Two 13-Year-Old Skateboarders Congratulate Each Other in Olympics' Most Adorable Moment

Two 13-year-old skateboard champions celebrated their gold and silver medals in a heartwarming hug that has since gone viral.

Japan's Momiji Nishiya, 13, clinched the Olympic title in the women's street skateboarding competition on Monday, becoming the first female skateboarder to strike gold at an Olympics and one of the youngest gold medal winners in Olympic history.

Brazil's Rayssa Leal, also 13, took the silver medal, similarly becoming the South American nation's youngest-ever Olympic medallist.

After nailing their final runs, the teenagers shook hands off the skate park, before Leal pulled her rival in for a heartfelt hug.

Rayssa Leal and Momiji Nishiya
Rayssa Leal of Team Brazil congratulates Momiji Nishiya of Team Japan during the Women's Street Final on day three of the Tokyo 2020 Olympic Games at Ariake Urban Sports Park on July 26, 2021, in Tokyo, Japan. Getty Images/Patrick Smith
Momiji Nishiya Japan Skateboarding
Momiji Nishiya of Team Japan celebrates during the Women's Street Final on day three of the Tokyo 2020 Olympic Games at Ariake Urban Sports Park on July 26, 2021, in Tokyo, Japan. Ezra Shaw/Getty Images

The athletes ended their victory embrace with a playful fist bump, sparking a slew of jubilant reactions online.

"Watching these two 13 year old giants win gold and silver then congratulate each other is awesome and adorable," Dante Bastos tweeted alongside a clip of the pair.

"I have a new top 5 favorite moment in sports," another woman tweeted. "Nishiya Momiji and Rayssa Leal— both THIRTEEN years old—fist bumping after securing gold and silver in the first ever Women's street skateboarding final."

The competition also marked the sport's Olympic debut, with more events set to run until August 4.

Watching these two 13 year old giants win gold and silver then congratulate each other is awesome and adorable. pic.twitter.com/MWGvkmbYI1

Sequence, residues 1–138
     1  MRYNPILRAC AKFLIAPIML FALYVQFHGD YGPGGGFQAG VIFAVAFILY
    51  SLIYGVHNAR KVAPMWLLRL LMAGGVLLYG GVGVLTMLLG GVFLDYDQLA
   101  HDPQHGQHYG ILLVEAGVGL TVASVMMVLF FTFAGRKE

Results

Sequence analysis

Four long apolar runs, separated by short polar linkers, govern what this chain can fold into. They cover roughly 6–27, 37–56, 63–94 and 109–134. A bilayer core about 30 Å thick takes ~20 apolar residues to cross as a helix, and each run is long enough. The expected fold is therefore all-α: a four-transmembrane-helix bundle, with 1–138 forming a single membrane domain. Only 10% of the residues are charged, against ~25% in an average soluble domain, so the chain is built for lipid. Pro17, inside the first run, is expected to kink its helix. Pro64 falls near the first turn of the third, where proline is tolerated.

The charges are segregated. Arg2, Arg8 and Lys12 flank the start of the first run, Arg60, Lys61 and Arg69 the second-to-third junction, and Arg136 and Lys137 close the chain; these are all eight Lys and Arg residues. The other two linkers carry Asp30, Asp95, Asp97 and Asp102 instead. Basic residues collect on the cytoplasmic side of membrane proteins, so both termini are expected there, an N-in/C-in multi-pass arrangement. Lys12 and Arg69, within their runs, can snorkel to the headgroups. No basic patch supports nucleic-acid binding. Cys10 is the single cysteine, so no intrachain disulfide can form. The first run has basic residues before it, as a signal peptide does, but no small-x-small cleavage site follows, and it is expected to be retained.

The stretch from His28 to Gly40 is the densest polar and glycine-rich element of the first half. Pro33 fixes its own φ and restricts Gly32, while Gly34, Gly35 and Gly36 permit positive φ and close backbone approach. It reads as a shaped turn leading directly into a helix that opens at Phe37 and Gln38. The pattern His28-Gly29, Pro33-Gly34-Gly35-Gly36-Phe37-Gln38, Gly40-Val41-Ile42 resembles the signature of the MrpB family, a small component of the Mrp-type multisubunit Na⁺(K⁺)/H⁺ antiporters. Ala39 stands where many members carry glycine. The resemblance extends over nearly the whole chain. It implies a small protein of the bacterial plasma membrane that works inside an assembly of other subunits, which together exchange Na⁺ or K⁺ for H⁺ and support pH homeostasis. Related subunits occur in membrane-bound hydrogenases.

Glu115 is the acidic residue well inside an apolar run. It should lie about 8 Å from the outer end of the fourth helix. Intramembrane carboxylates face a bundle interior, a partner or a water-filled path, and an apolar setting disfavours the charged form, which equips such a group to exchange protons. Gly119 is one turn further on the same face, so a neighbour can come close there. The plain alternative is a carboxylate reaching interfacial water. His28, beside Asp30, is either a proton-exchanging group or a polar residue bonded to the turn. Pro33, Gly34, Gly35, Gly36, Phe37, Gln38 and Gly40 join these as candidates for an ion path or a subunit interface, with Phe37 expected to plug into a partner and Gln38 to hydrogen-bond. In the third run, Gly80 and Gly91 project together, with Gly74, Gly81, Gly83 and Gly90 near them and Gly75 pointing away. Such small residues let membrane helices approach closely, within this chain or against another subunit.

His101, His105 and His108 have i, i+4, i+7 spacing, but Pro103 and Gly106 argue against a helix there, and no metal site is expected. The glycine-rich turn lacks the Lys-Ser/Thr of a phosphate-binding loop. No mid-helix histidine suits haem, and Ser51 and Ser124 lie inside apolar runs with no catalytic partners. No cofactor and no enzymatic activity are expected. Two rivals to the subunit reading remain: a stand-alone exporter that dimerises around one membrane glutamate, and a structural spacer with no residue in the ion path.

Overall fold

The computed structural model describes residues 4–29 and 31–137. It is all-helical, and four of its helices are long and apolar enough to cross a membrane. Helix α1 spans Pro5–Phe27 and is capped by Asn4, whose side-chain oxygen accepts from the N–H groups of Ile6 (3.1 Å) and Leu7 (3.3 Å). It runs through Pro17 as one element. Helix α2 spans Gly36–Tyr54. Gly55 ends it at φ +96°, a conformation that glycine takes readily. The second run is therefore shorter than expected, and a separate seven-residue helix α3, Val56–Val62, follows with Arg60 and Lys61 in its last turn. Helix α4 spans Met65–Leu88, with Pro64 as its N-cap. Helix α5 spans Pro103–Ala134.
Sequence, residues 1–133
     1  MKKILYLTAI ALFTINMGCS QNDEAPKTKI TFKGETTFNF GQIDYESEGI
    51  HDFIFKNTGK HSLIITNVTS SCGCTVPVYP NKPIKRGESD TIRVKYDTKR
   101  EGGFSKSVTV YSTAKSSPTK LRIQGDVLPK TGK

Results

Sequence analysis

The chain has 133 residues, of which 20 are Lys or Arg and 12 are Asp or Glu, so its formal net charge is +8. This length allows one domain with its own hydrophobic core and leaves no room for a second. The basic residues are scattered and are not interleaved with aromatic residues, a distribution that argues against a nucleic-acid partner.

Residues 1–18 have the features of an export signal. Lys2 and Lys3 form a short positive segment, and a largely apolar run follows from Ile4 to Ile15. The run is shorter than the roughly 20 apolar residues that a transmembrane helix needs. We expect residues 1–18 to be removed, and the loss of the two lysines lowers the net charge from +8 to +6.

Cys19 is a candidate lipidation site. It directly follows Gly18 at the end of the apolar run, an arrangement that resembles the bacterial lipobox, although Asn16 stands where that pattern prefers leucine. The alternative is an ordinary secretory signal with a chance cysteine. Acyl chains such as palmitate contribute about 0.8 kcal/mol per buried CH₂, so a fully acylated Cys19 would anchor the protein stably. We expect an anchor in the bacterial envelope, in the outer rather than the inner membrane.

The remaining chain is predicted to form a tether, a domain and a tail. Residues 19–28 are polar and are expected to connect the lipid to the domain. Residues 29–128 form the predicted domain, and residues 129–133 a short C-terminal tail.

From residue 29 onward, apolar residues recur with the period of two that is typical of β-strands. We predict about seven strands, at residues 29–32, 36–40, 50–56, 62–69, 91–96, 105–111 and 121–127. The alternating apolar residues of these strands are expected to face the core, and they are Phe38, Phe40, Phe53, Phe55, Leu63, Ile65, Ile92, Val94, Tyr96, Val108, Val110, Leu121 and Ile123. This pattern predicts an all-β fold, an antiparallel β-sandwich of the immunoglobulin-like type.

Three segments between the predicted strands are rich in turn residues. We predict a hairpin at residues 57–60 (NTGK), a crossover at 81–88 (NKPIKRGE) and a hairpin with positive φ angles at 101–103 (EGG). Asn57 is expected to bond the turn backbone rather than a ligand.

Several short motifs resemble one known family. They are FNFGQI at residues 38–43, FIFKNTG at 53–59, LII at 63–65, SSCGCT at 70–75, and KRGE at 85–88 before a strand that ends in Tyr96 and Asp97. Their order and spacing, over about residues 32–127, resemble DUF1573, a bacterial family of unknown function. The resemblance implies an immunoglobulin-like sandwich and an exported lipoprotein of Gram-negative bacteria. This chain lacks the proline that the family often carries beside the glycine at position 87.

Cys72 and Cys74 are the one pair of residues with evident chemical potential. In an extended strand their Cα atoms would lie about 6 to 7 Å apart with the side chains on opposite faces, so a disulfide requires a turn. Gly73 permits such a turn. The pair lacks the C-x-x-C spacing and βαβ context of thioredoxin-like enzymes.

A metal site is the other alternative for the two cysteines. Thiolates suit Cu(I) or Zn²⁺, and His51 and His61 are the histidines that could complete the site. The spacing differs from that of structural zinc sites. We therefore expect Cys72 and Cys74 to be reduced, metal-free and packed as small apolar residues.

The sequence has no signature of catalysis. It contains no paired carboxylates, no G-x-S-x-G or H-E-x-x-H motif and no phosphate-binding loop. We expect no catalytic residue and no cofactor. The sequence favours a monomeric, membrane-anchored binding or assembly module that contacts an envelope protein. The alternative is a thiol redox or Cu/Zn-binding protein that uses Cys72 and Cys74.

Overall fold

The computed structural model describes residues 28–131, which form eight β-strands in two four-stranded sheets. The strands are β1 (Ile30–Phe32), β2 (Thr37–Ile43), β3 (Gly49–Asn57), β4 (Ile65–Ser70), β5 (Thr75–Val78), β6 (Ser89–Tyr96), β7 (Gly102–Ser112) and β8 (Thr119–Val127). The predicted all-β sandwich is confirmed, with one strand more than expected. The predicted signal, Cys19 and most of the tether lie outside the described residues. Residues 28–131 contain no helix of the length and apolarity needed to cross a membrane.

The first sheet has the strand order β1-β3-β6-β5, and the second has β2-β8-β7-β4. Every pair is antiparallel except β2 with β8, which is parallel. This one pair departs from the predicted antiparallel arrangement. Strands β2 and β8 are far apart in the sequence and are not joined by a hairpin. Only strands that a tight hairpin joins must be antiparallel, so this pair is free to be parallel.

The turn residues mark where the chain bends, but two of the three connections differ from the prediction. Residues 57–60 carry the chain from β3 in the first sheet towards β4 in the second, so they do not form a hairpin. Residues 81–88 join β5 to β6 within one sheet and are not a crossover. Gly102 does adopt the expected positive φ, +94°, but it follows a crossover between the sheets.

— Dante Bastos (@Dante_Bastos) July 26, 2021

THIRTEEN YEAR OLDS on the podium 🤯

Momiji Nishiya and Rayssa Leal took home Gold and Silver in the women’s street finals! pic.twitter.com/tgrcKxnIY5

— SportsCenter (@SportsCenter) July 26, 2021

Monday's event also ended in what is believed to be the youngest Olympic podium ever, with Bronze medallist Funa Nakayama, also from Japan, aged only 16. Alexis Sablone of the United States came fourth.

Olympic gold winner Nishiya stumbled at the beginning of the competition, missing key landings on her first two tricks. However, the 13-year-old regained her confidence by landing her final three tricks, scoring 4.15, 4.66 and 3.43, and bringing her final score to 15.26.

Olympic history was again made today at the: 13yo Nishiya Momiji takes the gold in #Skateboarding

That's a Japanese sweep in the Street competition! #JPN 🥇🥇#Tokyo2020 #Olympics https://t.co/uLzfpAJYZY

— Tristan Lavier (@trilavier) July 26, 2021

"I welled up in tears because I was beyond happy," Nishiya said in describing the moment when she realised she had won gold, as reported by Reuters.

Silver medal winner Leal, with a final total score of 14.64, thanked fans after securing her win. "Thanks for the fans here, guys," she wrote over Twitter. "I'm so happy!"

The Brazilian skateboarding sensation already enjoyed a brush with fame after a clip of her turning tricks at eight-years-old while dressed as a fairy princess went viral back in 2015.

Rayssa Leal
Rayssa Leal of Team Brazil competes during the Women's Street Prelims Heat 4 on day three of the Tokyo 2020 Olympic Games. Patrick Smith/Getty Images

As numerous other skateboarding events are set to continue throughout the week, Nyjah Huston is pegged as favorite to take home a gold for the U.S.

The California-native has dominated events across the world and is one of the sport's bonafide icons.

He won 12 gold medals at the Summer X Games and is a four-time gold medalist at the World Skateboarding Championship.

Momiji Nishiya
Momiji Nishiya practices on the skateboard street course during the Tokyo 2020 Olympic Games. Ezra Shaw/Getty Images